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People moving towards looser (but still slim) tailored pants, no belt with higher rise -- pleats coming back as well. Suiting more classic, larger lapel -- pendulum swinging back from the "skinny" insanity. Athletes wearing TF etcetera.

Pretty stoked about the beltless pants and larger lapels myself : - )
 
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brokencycle

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Your opening form of words seem very strange then.
"Seeing an uptick of requests from clients demanding old-school, retro-looking side-adjusters (a.k.a. buckles) with their bespoke trousers. "
Whose clients?


He hasn't mentioned his shop specifically or isn't going "hey come buy trousers from me." I mean, it may have been worded a bit funny, but I think he was saying that his clients are requesting side-adjusters over belt loops more and wants to know if others have noticed that trend as well.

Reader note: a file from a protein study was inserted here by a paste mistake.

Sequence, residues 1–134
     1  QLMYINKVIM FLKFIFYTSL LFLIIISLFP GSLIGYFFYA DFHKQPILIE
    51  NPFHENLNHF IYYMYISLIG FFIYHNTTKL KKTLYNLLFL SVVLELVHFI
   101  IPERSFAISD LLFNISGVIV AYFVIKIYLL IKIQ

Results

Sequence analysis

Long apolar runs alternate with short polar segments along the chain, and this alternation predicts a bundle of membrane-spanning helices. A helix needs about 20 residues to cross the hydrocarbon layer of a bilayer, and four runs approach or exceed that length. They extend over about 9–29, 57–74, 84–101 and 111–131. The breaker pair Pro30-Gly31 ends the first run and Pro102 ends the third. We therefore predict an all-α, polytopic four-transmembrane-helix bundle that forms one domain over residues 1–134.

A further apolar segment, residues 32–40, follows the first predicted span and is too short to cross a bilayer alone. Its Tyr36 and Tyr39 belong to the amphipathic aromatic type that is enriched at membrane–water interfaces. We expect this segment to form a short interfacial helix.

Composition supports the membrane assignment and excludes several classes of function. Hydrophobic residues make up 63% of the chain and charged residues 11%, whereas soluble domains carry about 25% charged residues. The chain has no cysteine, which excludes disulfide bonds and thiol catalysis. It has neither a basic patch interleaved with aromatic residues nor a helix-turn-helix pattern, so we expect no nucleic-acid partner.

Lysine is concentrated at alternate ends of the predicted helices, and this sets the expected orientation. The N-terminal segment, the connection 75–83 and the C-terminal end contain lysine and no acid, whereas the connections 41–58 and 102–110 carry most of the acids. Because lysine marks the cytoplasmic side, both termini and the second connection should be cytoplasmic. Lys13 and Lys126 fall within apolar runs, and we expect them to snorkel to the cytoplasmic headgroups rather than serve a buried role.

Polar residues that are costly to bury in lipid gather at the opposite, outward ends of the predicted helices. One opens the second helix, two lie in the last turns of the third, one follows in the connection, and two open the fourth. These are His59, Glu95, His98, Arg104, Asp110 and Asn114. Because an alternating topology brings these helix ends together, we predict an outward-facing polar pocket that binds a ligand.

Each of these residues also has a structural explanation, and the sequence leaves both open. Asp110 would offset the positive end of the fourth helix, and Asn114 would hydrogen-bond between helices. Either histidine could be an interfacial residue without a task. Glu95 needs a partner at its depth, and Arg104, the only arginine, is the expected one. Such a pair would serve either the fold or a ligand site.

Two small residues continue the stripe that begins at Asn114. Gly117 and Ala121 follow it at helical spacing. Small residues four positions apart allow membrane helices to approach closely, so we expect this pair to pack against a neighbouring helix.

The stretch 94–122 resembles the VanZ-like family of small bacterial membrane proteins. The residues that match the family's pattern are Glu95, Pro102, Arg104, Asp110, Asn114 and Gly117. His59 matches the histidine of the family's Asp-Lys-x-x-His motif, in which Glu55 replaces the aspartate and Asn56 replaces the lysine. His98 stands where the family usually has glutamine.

GBR

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He hasn't mentioned his shop specifically or isn't going "hey come buy trousers from me." I mean, it may have been worded a bit funny, but I think he was saying that his clients are requesting side-adjusters over belt loops more and wants to know if others have noticed that trend as well.